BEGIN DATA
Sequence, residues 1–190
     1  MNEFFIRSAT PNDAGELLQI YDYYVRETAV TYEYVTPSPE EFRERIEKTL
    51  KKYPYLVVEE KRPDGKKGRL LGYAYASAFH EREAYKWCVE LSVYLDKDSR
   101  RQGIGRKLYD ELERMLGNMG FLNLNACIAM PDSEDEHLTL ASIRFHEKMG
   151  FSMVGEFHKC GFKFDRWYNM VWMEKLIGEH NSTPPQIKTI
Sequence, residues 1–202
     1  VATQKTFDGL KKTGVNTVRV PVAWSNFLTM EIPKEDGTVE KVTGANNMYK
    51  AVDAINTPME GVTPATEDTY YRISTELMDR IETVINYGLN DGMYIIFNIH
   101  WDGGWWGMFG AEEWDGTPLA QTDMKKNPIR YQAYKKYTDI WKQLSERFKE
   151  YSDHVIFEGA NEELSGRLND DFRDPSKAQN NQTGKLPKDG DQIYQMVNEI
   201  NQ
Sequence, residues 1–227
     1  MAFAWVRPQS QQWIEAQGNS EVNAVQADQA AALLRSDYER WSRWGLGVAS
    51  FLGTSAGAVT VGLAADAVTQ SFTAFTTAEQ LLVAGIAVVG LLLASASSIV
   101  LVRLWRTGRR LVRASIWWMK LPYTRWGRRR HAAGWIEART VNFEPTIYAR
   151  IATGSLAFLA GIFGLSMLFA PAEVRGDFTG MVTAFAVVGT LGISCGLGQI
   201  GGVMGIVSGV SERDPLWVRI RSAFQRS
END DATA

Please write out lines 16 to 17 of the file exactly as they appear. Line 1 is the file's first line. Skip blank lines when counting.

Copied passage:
   151  IATGSLAFLA GIFGLSMLFA PAEVRGDFTG MVTAFAVVGT LGISCGLGQI
   201  GGVMGIVSGV SERDPLWVRI RSAFQRS